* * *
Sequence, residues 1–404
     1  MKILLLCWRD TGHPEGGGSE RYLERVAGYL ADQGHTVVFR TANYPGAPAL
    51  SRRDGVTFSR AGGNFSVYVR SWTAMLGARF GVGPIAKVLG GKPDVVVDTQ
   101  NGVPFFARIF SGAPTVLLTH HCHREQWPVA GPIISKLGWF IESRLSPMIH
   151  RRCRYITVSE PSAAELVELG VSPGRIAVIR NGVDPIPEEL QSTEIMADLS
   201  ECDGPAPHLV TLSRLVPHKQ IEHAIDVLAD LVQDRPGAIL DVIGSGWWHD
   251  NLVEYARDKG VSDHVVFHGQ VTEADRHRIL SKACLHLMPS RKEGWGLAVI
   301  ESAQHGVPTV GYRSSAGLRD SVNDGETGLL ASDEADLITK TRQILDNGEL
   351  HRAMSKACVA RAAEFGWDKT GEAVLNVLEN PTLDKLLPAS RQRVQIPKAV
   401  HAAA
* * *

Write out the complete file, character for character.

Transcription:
Sequence, residues 1–404
     1  MKILLLCWRD TGHPEGGGSE RYLERVAGYL ADQGHTVVFR TANYPGAPAL
    51  SRRDGVTFSR AGGNFSVYVR SWTAMLGARF GVGPIAKVLG GKPDVVVDTQ
   101  NGVPFFARIF SGAPTVLLTH HCHREQWPVA GPIISKLGWF IESRLSPMIH
   151  RRCRYITVSE PSAAELVELG VSPGRIAVIR NGVDPIPEEL QSTEIMADLS
   201  ECDGPAPHLV TLSRLVPHKQ IEHAIDVLAD LVQDRPGAIL DVIGSGWWHD
   251  NLVEYARDKG VSDHVVFHGQ VTEADRHRIL SKACLHLMPS RKEGWGLAVI
   301  ESAQHGVPTV GYRSSAGLRD SVNDGETGLL ASDEADLITK TRQILDNGEL
   351  HRAMSKACVA RAAEFGWDKT GEAVLNVLEN PTLDKLLPAS RQRVQIPKAV
   401  HAAA